Rapid match Hou Yifan vs Anatoly Karpov

by André Schulz
2/7/2018 – The northern Chinese city of Harbin was the venue for a friendly competition between Hou Yifan and Anatoly Karpov. Over two days, the pair contested six rapid games. Karpov won the match 3½ : 2½. These days the 66-year-old Karpov rarely competes in serious tournaments. But he is still dangerous. | Photo: Imsa.cn

Chess News

Master Class Vol.6: Anatoly Karpov Master Class Vol.6: Anatoly Karpov

On this DVD a team of experts looks closely at the secrets of Karpov's games. In more than 7 hours of video, the authors examine four essential aspects of Karpov's superb play.


Karpov wins narrowly

On Saturday, Anatoly Karpov was still a guest at the 13th Congress of the Russian Chess Federation. The next day, the 12th World Chess Champion was already in China, specifically in Harbin, located in the north of the country, in the Amur province, where he played a match with Hou Yifan.

After the Russian occupation of Manchuria in 1898, Harbin was one of the stations of the Trans-Siberian Railway: a number of Russian-style buildings still characterize the cityscape. After the Second World War, Harbin remained occupied for some time by Russian troops, before 1946, when Chinese Communists took over the city and used it as a base in the Chinese Civil War. 

Karpov and Hou played six rapid games with 15 minutes plus 10 seconds per move for each player. Karpov took an early lead with a finely played positional game and then increased his victory in the second game. Hou won the third game. The fourth game ended in a draw. With a victory in the fifth game, Karpov decided the match with a game to spare. On the white side of a Benoni defense from Hou, Karpov proceeded with careful and prudent play, which eventually resulted in a strong counterattack.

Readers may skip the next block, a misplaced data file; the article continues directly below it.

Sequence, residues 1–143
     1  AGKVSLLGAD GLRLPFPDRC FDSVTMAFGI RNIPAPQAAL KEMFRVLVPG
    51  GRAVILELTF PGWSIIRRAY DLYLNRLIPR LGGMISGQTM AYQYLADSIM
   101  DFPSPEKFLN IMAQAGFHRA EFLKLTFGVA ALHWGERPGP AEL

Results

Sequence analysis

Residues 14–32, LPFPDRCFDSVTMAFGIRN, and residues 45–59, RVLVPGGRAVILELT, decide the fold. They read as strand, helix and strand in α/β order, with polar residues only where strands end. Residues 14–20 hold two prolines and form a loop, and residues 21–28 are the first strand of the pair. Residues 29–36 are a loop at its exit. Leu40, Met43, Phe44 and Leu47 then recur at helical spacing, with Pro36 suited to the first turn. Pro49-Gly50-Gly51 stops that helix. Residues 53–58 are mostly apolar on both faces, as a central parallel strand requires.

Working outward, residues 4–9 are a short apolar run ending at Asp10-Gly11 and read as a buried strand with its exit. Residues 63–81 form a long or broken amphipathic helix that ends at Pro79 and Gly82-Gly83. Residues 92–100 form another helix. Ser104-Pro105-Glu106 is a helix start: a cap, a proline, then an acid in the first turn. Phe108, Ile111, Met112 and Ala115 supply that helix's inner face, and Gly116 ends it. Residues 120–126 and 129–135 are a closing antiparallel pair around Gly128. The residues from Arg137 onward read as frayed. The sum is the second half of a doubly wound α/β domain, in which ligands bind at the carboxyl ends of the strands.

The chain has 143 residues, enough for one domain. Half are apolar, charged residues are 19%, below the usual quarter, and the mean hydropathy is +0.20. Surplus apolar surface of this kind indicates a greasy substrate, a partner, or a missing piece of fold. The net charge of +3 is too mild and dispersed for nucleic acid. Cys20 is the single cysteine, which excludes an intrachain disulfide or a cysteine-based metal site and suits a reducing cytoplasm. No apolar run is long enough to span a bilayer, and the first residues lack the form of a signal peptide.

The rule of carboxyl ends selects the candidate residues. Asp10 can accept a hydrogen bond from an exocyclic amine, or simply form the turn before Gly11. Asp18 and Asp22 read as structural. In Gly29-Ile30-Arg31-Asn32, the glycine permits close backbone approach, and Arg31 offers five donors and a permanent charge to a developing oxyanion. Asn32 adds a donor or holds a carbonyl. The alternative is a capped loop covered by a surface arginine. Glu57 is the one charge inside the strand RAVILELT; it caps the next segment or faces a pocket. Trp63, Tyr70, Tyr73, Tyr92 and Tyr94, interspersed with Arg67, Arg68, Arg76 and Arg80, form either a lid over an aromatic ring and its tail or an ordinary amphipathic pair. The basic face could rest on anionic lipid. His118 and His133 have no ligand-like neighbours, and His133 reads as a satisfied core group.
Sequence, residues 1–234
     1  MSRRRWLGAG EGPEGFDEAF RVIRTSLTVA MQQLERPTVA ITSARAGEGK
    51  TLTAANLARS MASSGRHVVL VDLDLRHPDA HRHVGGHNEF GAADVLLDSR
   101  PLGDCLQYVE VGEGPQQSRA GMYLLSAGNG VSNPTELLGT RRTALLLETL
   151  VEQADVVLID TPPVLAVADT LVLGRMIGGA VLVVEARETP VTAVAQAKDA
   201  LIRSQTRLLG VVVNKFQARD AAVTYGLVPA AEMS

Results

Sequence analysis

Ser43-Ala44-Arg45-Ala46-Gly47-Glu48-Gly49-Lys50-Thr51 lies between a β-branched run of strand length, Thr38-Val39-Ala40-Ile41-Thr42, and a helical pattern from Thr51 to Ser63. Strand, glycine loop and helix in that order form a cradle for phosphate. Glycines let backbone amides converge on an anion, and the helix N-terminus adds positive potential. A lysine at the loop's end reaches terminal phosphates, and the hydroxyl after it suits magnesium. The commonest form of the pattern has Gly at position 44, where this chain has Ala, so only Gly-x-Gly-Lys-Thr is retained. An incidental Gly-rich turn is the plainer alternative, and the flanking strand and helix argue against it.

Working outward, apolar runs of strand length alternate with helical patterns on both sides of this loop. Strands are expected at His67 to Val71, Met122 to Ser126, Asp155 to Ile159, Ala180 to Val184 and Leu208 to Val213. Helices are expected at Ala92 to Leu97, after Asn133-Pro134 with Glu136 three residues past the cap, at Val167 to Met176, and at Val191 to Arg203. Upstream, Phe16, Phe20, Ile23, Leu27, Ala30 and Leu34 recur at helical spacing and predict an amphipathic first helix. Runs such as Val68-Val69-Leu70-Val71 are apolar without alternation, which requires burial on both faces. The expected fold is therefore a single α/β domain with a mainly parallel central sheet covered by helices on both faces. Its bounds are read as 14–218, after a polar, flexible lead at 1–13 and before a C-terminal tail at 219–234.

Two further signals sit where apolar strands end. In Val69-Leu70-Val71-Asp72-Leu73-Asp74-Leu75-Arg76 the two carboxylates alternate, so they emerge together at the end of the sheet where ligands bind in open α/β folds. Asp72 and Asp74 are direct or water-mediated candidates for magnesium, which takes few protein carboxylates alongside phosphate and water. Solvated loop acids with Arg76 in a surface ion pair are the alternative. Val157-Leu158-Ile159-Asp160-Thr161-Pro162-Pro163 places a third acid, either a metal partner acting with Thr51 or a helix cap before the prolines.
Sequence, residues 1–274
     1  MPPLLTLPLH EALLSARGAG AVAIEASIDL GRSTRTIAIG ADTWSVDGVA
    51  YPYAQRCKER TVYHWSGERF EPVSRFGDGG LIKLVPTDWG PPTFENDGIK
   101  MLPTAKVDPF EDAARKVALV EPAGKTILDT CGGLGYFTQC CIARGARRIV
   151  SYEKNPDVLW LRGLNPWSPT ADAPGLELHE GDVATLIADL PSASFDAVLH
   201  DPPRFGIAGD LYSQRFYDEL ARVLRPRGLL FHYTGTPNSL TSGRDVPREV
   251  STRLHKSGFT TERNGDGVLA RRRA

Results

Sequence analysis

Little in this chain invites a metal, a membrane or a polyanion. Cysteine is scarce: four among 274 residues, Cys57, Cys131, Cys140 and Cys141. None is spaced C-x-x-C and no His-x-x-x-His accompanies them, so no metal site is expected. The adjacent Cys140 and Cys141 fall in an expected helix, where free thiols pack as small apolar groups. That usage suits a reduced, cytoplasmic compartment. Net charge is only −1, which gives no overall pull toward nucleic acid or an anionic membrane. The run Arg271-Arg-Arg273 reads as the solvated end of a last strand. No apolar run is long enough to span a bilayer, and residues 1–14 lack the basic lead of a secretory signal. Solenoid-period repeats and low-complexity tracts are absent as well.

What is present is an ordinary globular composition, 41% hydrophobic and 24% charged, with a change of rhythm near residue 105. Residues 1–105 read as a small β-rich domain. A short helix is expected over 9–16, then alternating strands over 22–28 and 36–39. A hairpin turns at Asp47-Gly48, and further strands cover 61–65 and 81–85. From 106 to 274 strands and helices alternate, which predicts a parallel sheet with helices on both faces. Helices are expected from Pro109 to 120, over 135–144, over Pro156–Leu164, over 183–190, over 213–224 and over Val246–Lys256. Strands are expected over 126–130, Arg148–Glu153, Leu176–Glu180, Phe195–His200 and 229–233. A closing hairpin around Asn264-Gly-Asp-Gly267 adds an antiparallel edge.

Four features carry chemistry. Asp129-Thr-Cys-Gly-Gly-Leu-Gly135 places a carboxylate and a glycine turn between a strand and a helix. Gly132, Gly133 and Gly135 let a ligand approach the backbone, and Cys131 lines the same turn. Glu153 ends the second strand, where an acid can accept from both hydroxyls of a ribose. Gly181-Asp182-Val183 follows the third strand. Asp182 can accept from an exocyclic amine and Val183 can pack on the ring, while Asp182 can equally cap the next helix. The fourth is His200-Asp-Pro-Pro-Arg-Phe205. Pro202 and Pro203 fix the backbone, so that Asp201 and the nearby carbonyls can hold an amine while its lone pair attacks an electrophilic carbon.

The last game was perfunctory, and Karpov lost without much of a fight, resulting in a final match score of 3½ : 2½.

Match table




An ambitious setup against the Benoni

The topic of this 60 minute video clip is the major idea of the 8.h3 0-0 9.Bd3 line. It has not won much love among defenders of the Benoni - White players are coming dangerously close to realising the dream of squeezing the opponent.


André Schulz started working for ChessBase in 1991 and is an editor of ChessBase News.


Rules for reader comments


Not registered yet? Register